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  30. Tara Marie
    Feb 21, 2007 @ 13:19:17

    I think the one bad thing with the waterfall of erotica/romantica is that people sometimes expect that a book will be a bit of a turn on. Sometimes they are, and alot of times they aren’t. None the less, it doesn’t disqualify the label. Maybe Ms. Hart’s story was more literary? I admit to liking literary erotica more than say-EC, but EC in a way has redfined erotica and people picking up a more classically styled story may flounder because of their expectations not being met.

    Eva Gale thank you for expressing my exact thoughts better than I could have. I’ve been thinking about this since I finished this book over the weekend and thought it was wonderfully done. “Literary erotica” my preference too. “Flounder” is exactly right as the books may be “a bit of a turn on” but I’m almost always disappointed on some level.

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  31. Eva Gale
    Mar 03, 2007 @ 21:07:47

    Ok, I’m reading it, and I’m in love with it. Hart is going to be an auto buy for me from now on. I think it’s wonderful.

    I see Elle as so disconnected from herself that I’m utterly drawn in. I mean, she sees herself inthe mirror and calles herself “the woman in the mirror.” Ouch. And she also explains Dan’s talk, how that in normal everyday conversation it would be cheesy, but when they moment’s right, it’s a turn on. And I see her redeeming herelf by letting Dan have parts of her that she’d held apart before, but it’s a process that happens so softly, at first you don’t see it.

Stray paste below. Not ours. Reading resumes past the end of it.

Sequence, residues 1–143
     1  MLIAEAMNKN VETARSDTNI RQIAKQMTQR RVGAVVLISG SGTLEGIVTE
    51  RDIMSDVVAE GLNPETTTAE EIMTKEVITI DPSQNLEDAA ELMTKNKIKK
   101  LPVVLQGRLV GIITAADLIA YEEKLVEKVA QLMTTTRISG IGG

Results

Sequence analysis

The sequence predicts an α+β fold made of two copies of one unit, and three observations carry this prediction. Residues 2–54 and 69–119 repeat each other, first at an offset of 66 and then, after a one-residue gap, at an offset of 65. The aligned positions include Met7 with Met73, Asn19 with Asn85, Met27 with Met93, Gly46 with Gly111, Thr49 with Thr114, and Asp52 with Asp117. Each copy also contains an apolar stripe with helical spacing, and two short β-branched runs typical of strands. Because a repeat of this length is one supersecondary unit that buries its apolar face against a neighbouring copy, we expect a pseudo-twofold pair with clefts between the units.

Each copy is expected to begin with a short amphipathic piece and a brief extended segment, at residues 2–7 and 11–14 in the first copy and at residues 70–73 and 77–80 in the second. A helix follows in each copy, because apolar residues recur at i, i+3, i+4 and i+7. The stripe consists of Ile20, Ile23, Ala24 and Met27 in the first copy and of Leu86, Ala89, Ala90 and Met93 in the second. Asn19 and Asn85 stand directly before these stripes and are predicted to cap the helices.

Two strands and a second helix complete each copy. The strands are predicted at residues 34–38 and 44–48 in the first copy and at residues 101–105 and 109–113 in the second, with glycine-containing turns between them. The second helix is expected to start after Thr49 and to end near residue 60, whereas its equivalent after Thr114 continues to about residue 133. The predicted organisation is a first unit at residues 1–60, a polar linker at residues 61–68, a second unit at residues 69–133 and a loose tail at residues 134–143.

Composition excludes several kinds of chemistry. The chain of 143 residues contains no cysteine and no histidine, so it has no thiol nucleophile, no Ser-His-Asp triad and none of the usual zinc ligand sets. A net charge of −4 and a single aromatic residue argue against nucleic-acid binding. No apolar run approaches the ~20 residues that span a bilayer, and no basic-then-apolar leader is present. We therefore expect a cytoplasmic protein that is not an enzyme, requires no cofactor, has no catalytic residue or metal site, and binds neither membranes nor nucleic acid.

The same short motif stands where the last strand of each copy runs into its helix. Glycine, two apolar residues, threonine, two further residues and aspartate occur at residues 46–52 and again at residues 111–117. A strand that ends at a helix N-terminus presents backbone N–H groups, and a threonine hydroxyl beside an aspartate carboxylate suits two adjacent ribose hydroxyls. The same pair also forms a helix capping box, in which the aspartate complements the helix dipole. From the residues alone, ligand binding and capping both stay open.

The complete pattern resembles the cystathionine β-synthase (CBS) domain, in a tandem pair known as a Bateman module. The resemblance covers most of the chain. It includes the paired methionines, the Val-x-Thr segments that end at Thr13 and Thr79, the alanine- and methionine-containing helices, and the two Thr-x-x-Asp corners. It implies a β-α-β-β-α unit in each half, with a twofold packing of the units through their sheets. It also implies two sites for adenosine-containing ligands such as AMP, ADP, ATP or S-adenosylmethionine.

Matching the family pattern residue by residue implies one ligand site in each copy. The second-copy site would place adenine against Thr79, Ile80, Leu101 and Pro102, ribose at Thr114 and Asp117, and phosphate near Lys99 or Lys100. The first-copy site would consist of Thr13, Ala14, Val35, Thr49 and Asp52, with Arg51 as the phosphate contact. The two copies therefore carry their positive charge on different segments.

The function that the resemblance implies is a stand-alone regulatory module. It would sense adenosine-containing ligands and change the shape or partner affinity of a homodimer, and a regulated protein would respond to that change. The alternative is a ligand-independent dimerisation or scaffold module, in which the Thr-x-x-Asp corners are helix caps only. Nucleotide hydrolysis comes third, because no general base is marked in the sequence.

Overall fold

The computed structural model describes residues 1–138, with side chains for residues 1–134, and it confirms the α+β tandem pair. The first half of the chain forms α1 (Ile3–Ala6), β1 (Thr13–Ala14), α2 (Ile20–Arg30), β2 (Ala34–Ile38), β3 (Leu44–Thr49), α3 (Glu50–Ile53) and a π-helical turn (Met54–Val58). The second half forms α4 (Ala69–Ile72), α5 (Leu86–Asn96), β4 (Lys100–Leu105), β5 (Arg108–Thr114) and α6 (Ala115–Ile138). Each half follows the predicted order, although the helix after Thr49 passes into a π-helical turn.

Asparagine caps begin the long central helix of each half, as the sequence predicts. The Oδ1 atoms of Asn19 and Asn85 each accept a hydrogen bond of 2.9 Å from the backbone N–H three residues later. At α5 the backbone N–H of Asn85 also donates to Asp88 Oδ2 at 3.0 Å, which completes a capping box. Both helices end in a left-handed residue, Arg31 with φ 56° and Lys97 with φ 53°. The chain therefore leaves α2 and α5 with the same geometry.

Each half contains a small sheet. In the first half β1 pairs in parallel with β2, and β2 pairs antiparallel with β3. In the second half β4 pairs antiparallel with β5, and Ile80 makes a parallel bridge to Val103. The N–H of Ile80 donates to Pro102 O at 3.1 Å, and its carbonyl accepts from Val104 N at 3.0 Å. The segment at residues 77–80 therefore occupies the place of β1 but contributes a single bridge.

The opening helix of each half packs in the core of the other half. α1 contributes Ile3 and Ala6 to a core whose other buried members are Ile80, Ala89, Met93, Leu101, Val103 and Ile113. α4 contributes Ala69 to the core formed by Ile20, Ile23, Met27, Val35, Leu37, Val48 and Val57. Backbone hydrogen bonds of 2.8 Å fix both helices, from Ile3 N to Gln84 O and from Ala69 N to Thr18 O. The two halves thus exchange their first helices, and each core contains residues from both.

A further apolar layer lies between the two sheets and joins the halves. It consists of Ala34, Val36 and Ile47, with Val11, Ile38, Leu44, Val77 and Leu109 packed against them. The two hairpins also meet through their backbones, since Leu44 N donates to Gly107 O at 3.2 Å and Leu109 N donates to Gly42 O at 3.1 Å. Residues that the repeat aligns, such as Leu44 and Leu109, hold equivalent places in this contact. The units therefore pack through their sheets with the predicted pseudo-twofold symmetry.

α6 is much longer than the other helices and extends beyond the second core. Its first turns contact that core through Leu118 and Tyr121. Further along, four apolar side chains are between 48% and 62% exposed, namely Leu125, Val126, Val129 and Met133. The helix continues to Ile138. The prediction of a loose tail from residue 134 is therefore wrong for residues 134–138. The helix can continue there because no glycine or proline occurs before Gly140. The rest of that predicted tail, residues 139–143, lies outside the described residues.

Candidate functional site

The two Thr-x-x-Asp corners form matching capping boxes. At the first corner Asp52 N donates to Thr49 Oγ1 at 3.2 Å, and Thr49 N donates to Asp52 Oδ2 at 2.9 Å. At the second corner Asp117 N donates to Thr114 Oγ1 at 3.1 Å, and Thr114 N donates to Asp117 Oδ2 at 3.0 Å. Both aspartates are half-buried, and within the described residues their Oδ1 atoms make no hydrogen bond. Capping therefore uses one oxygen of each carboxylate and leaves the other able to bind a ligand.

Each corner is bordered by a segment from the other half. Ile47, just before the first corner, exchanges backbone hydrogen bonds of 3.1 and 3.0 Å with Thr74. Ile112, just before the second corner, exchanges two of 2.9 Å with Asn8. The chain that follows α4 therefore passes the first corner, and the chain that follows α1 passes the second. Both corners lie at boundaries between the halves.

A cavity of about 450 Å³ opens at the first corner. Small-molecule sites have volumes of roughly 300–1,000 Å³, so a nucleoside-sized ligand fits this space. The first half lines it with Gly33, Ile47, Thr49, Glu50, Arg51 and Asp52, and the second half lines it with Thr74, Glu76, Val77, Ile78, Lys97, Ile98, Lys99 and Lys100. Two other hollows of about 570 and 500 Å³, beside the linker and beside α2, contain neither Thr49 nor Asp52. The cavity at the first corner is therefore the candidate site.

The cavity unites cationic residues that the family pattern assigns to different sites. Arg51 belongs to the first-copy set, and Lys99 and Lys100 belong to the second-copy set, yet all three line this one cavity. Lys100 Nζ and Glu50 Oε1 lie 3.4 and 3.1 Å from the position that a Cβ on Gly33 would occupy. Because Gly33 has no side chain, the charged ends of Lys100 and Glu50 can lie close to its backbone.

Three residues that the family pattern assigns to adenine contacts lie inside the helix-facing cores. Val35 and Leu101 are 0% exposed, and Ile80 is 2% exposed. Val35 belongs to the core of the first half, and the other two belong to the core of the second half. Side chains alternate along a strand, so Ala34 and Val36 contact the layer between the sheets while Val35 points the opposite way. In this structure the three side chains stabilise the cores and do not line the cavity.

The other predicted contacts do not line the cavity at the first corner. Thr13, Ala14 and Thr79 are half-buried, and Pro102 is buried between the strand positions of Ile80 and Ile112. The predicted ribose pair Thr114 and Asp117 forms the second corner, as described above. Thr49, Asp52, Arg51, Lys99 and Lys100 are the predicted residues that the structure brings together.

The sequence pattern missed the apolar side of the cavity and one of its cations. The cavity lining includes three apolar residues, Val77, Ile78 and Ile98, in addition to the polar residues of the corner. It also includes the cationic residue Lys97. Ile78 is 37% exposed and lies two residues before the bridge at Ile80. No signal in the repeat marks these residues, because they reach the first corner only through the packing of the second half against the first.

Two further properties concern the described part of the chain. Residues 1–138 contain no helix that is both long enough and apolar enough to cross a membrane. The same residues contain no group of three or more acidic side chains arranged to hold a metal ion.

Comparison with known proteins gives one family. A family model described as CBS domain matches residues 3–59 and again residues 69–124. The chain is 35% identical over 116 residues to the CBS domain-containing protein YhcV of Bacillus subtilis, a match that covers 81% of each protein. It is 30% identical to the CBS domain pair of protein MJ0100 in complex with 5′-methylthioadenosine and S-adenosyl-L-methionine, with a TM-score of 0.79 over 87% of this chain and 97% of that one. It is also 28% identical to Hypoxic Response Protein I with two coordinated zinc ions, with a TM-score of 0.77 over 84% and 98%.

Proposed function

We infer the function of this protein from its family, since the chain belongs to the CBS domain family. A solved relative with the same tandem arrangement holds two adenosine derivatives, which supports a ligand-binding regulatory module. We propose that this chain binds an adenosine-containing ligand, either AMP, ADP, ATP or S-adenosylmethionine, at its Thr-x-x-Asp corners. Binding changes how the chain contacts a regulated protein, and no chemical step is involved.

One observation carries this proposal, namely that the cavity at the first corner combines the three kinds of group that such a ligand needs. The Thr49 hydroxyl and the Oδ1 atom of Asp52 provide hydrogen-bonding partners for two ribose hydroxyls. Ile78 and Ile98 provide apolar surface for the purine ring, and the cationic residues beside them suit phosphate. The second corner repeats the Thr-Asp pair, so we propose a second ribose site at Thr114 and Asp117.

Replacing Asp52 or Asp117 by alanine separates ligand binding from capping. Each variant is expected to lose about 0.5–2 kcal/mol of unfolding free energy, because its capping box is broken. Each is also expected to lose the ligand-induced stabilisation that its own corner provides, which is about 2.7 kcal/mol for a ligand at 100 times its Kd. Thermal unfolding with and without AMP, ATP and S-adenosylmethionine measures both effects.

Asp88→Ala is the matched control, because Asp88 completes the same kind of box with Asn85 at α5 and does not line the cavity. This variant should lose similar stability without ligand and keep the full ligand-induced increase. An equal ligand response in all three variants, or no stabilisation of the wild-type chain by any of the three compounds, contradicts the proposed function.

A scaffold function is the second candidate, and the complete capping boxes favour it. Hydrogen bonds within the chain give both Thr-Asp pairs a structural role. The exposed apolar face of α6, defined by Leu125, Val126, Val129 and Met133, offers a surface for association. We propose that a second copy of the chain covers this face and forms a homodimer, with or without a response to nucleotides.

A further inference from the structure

I think you should read it again. :)

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  32. Jane
    Mar 03, 2007 @ 23:09:36

    I think its great that you all loved it, but Eva, I just have too many books to read the first time around to go back and read one that I didn’t like much the first time around.

    And even if I did love this book, it is not the type I would re-read because of the subject matter. As much as I loved Orloff’s book, The Roofer, it’s not one I am going to pick up again.

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  33. Janine
    Mar 04, 2007 @ 00:05:34

    Maybe I will read it and do a second review sometime. I’m interested in this book.

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  34. Dear Author.Com | Dirty by Megan Hart
    Apr 18, 2007 @ 04:02:32

    [...] in January, Jane reviewed this book and gave it a C-. I am happy to say that I liked it about two letter grades better than Jane did. [...]